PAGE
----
I’ve always been a bit uncomfortable with the “glass half-full” versus “glass half-empty” measurement of optimism and pessimism, because it implies that we can know the shape and size of the glass into which fate is poured. Optimism might be better defined as seeking faint light among deep shadows, treasuring the past and looking to the future with anticipation while striving to see the present with clarity. Let the ream of what didn’t happen, and what might have been, belong to the pessimists. They will always find the world around them inferior to the grand story they would have written, if given editorial control over all of Creation.
It’s easy to think that way, in the face of unexpected tragedy, senseless cruelty, unbearable pain, and unfathomable loss. It is difficult to be truly humble at such moments, admitting we don’t know enough to comprehend a design painted with so many tears. Should we be thankful for all the days we were given with a loved one… or bitter about all the days we were denied? When a life is cut short, there are hours in which the best of us struggle to answer that question with certainty.
Those hours pass, and eventually we find peace. It arrives like the first drift of snow on a quiet winter evening, soft and unheralded, surrounding us before we look up from our thoughts and notice the world has changed. We realize that a world made larger by the arrival of a cherished friend is not truly made smaller by their passing, for what they added can never truly be subtracted. We finally hear what they’ve been trying to say since the moment their voices were stilled: Go on, live, be happy, I’m right beside you. We find our share of the peace they have been given, and the pain of loss fades into that quiet night, replaced by the lingering anticipation of a faraway reunion, and the warmth of memory held close. Grief over what has been taken is, at long last, swept away by gratitude for what has been given. The true wisdom of the optimist is revealed: it doesn’t matter if the glass is half-full or not. What matters is that it’s not empty, and never will be.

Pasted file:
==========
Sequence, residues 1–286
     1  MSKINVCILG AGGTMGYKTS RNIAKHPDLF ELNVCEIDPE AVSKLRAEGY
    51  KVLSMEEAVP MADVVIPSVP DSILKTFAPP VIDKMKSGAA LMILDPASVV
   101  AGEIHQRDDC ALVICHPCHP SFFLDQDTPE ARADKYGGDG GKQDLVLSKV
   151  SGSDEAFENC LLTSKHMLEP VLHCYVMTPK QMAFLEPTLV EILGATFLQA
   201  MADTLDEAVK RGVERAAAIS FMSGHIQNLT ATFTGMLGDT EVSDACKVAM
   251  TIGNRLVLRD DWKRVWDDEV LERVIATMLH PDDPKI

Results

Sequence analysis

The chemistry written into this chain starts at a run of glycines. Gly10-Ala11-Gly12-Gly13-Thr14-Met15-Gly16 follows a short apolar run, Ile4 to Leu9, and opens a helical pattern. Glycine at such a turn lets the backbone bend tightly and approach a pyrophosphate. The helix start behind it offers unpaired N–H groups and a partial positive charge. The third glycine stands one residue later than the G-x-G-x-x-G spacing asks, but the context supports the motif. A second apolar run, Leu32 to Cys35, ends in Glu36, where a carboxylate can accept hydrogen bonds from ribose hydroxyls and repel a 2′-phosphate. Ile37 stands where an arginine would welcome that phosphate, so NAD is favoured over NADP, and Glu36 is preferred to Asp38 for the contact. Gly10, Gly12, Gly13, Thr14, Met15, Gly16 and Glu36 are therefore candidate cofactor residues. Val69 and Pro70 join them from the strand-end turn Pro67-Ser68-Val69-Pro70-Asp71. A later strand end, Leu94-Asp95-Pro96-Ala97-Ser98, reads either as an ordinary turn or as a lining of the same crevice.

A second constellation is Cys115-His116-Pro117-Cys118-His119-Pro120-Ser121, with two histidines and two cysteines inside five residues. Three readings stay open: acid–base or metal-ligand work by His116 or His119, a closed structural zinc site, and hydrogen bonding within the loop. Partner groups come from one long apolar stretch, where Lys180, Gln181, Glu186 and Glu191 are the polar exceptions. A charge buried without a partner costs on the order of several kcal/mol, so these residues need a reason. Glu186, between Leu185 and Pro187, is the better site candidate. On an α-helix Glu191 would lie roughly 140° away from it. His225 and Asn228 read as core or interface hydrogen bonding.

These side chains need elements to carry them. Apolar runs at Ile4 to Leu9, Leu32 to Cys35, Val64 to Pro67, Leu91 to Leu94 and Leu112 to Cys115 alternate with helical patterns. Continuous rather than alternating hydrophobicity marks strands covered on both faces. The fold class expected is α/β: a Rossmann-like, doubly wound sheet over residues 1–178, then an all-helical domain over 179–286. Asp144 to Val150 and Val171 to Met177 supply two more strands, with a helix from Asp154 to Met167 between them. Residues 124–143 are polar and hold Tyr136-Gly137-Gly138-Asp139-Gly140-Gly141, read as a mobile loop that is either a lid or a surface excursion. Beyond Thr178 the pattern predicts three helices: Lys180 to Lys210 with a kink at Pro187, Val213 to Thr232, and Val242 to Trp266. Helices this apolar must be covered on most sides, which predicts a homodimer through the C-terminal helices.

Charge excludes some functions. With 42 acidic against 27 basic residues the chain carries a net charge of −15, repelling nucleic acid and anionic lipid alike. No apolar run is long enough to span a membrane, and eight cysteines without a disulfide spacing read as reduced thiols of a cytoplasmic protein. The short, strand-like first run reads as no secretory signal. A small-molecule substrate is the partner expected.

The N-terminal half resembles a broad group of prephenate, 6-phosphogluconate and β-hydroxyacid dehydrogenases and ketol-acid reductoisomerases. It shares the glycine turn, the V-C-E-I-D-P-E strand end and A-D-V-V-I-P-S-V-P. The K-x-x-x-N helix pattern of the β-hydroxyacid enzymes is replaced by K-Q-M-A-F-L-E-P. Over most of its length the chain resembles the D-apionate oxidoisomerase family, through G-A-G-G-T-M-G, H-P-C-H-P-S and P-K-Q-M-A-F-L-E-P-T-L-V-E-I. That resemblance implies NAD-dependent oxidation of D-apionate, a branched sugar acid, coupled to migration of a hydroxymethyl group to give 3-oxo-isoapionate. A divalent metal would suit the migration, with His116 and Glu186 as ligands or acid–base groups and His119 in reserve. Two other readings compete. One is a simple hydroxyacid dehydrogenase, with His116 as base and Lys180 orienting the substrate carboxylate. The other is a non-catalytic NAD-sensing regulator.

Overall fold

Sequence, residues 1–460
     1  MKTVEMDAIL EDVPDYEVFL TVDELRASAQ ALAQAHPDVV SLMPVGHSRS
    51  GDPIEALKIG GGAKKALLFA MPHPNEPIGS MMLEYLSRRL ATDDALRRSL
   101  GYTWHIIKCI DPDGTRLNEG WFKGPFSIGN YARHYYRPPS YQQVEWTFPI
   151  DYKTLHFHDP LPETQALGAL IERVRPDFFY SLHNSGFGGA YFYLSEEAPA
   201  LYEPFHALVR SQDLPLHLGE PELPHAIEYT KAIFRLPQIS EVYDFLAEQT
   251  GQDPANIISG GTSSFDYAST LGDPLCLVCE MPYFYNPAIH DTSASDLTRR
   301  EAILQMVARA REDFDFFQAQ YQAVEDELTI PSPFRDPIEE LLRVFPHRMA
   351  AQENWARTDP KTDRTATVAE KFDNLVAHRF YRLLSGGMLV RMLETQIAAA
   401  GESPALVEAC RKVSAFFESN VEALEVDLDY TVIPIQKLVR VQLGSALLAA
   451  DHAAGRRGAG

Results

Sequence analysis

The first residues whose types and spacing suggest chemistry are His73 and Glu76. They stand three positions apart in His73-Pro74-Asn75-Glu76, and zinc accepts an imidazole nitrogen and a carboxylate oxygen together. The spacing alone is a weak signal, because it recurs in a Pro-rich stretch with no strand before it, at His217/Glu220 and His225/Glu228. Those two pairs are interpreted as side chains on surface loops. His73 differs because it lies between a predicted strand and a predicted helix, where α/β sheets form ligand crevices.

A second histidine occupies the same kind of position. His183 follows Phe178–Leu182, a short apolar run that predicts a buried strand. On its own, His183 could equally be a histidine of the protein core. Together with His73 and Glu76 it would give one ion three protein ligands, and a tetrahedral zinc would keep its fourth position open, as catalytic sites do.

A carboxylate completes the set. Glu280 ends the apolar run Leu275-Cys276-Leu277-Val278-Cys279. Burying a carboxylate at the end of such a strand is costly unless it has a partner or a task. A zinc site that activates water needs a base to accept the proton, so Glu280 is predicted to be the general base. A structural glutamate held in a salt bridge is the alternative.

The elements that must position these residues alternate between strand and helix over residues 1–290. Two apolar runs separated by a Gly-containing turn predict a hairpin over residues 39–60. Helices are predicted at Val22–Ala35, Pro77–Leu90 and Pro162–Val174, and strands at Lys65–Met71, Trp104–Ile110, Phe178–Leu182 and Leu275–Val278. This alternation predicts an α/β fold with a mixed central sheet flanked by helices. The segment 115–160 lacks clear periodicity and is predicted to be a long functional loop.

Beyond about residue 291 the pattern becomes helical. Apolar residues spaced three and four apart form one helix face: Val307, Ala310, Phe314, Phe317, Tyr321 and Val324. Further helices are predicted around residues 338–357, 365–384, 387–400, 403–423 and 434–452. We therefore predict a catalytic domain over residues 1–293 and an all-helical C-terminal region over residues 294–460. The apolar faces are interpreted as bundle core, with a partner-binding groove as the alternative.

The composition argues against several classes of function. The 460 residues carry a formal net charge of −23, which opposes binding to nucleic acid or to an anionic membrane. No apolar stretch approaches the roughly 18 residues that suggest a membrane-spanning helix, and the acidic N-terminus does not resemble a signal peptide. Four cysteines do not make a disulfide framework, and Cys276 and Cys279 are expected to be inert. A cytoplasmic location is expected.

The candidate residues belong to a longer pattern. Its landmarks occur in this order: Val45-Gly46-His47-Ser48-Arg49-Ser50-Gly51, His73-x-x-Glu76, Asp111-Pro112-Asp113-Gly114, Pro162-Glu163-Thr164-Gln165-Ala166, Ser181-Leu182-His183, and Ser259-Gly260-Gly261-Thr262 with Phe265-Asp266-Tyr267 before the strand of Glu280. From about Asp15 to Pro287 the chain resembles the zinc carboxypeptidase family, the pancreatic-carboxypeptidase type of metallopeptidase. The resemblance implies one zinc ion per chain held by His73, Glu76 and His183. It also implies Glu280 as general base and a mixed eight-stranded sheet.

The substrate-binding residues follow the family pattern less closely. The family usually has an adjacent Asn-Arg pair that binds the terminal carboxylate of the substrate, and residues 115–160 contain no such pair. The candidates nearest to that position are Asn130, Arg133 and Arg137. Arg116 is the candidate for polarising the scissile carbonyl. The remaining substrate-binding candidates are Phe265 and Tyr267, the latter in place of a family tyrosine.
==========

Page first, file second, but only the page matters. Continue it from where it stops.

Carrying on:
I don’t know if we live in the best of all possible worlds. Making that judgment would require me to know all that is possible, and I haven’t been foolish or arrogant enough to think I could contain such knowledge since… well, I’m pretty sure it was a long time ago. In fact, I think it might have been the day before I finally found peace after my first terrible loss.
Two days after Christmas this year, three days before her birthday, I lost a dear friend who seemed to be on the mend after a long illness. She looked great on Christmas Day, surrounded by her children and grandchildren, serenaded by torn wrapping paper and gasps of delighted surprise. Tell me: should I be angry because she was taken from us over the holiday weekend, or grateful beyond measure for the gift of that last happy Christmas Day, when it looked like everything would be all right, and there was not a hint of dread to be found among our company of family and friends? Even when it was time to tell the doctors to let her go, I couldn’t help thinking: thank God for that one last perfect afternoon. It will always be perfect. No following day has any power to damage it.
My friend’s final gift will be a measure of the peace she has found, shipped on varying schedules to everyone who loved her. Delivery is guaranteed, but there will be some long and difficult days ahead, waiting for its quiet and unheralded arrival.